Should Europeans be Encouraged to Eat more Sustainably
I guess this comment refers to the EU more than anywhere else, but if you have the time, please read it. Informed perspectives and comments always help one way or another.
I follow this website called Debating Europe. It is a platform that allows mainstream EU consumers to hear the answers and opinions of EU leaders, policy makers and experts.
While much of the world may believe or think that the EU has a super safe food system in place, unfortunately this is nowhere near reality. (We are not talking about things like salmonella, cholera, E. coli, etc)
We are getting fatter and it is not the fresh air that is making us fat. Fat and obese people are unhealthy for themselves, their friends, their family and the social system that they may depend on. But, like any other disease, we never abandon our responsibility to help sick people - who knows, I may be sick one day and need help.
So, the question is ... what exactly is our responsibility?
Then someone, via Debating Europe, asked a very good question ... should Europeans be encouraged to eat more sustainably?
First and foremost, we need to accept and recognise that we really do have a problem with food related diseases and upgrade ourselves from only thinking pathogens.
EU people simply need to be informed (or inform themselves) a little better and they will make the choices that are right for them. These are some of my personal opinions (and are probably far from perfect) which I believe highlight the difficulties that EU people encounter when trying to "know" what the healthy choices are.
- vegetable is a healthier source of long term protein than meat. There is no rocket science here. Even cows know that but clear access to this information does not exist
- the pretty picture of the cow grazing in the meadows at your local supermarket is a lie. Most EU meat is produced in cages and fed genetically modified maize and soya, of which 75% or so, is imported from the America's (so much for food security). Cows don't naturally eat maize and soya, they eat grass. (so much for animal welfare)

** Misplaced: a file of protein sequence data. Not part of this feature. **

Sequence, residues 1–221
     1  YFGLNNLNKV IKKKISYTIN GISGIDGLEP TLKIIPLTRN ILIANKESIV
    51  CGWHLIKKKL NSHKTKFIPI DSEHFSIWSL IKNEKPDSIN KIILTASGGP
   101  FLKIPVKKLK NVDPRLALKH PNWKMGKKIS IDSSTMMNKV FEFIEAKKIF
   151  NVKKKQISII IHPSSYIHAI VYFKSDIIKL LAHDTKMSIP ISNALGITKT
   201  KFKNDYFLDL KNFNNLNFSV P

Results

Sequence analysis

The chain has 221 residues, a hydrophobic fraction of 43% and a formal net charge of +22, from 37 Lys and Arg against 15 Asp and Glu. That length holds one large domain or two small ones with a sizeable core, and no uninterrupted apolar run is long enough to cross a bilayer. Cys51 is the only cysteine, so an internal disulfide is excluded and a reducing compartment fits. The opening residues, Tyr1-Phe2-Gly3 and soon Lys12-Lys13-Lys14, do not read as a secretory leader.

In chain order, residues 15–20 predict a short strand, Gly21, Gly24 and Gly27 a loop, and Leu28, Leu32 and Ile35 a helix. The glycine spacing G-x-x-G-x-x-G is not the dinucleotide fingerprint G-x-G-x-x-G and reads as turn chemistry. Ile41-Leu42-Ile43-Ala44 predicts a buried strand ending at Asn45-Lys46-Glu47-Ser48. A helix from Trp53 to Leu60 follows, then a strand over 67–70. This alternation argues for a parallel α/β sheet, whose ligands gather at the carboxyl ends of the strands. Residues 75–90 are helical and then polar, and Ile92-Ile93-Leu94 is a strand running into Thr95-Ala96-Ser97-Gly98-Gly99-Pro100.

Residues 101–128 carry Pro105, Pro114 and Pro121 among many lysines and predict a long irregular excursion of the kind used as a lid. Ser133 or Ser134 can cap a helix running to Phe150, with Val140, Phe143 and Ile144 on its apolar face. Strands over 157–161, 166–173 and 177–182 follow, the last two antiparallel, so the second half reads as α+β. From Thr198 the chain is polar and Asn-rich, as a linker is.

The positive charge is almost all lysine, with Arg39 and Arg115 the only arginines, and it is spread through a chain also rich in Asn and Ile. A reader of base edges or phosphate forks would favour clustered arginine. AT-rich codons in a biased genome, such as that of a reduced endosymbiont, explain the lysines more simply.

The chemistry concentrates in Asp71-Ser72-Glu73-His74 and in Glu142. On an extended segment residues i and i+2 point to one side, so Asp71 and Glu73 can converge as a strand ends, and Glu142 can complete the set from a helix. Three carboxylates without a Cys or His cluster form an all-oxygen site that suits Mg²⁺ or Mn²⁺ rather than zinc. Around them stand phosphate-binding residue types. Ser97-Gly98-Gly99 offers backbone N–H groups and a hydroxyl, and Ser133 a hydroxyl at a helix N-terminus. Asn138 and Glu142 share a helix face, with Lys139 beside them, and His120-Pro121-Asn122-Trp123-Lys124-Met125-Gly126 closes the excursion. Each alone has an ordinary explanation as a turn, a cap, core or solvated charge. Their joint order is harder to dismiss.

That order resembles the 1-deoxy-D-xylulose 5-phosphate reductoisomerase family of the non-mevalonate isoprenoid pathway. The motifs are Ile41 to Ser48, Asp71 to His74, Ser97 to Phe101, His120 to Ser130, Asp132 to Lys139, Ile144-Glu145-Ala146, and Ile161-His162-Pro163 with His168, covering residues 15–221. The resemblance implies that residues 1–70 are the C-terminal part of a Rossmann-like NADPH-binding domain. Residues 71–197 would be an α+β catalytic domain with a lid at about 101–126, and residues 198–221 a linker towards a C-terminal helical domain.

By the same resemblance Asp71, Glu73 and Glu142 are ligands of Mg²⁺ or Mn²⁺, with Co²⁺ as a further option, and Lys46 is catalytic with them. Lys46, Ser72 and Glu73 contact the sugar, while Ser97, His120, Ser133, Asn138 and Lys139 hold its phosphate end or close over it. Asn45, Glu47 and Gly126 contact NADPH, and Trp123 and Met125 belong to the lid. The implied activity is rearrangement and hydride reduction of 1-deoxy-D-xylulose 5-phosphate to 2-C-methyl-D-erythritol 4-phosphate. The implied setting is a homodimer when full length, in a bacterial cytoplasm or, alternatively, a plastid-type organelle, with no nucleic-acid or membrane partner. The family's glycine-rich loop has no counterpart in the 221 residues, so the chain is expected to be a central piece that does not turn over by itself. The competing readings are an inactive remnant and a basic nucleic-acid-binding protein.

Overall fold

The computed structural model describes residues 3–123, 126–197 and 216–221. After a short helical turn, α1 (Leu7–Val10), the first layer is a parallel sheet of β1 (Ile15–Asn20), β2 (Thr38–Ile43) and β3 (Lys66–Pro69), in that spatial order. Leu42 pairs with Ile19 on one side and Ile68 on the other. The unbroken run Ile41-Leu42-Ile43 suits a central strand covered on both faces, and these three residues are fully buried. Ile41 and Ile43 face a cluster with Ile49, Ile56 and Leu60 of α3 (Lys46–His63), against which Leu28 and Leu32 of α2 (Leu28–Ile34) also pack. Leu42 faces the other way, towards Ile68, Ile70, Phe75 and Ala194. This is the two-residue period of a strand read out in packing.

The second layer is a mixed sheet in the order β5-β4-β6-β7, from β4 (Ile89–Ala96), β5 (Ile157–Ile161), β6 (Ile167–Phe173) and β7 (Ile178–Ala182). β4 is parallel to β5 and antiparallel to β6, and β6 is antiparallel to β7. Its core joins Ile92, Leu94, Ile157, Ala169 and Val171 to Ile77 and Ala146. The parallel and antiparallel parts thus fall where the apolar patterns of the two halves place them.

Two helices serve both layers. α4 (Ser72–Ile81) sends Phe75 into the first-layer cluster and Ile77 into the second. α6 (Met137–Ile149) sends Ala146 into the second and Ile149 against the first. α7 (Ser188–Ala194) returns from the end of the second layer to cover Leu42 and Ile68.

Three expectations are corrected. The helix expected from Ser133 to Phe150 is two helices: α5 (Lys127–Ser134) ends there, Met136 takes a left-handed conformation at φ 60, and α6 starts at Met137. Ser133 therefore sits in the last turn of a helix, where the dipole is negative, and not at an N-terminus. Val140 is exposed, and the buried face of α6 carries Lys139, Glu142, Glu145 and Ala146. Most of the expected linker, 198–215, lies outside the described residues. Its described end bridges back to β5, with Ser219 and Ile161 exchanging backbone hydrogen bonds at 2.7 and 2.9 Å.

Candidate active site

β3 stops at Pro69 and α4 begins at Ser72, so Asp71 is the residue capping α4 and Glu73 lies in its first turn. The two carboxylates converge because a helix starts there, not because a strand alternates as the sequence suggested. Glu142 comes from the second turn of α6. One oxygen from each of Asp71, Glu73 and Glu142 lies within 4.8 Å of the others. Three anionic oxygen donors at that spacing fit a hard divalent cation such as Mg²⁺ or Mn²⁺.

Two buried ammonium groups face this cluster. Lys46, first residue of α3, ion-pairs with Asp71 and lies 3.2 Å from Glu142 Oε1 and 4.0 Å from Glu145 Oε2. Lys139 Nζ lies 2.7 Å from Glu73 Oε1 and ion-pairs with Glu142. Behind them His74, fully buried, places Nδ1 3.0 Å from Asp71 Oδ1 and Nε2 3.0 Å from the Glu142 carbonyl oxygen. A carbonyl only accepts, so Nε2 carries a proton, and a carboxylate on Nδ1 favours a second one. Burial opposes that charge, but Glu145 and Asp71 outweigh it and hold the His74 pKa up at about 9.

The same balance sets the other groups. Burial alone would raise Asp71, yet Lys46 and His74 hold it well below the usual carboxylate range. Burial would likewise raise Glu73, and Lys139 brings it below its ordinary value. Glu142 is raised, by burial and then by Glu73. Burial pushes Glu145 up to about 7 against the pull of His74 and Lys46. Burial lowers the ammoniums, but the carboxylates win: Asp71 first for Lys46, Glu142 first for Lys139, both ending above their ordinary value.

- blaming a cow that humans mass produce for greenhouse problems. Really? Is that how EU people take responsibility for their actions?
- food tax does nothing except separate the rich from poor. What's next? Tax good air and bad air
- corporate food policy influence in Brussels, skewed food industry sponsored science, food industry and food regulation revolving employment, EFSA's so called "transparency" policy, and many other government/food industry grey areas totally undermine Europe's "precautionary system" that we all think works so well. EU's "High Fructose Corn Syrup food products are healthy for you" is recent testimony. 15 years of HFCS data from the US says otherwise
- bee killing chemical manufacturers (Bayer and Syngenta) are presently suing the EU because these chemicals have recently being banned. Why should the EU people be held to ransom for their environment and personal health by these companies?
- apples don't shine. It is the wax that they are dipped in that makes them shine. Washing them with water does not remove the wax. Like eating wax with your apple?
- carrots are originally white, not orange. When last did you see a white carrot in your supermarket? Most of us don't even know what the food of our forefathers looked like
- the nutrient values in many fruits have dropped in the last 50 years. Why? Because to make them "pretty", they need to be hybridised or GMO'd and the sacrifice for pretty looking fruit is, amongst others, nutrition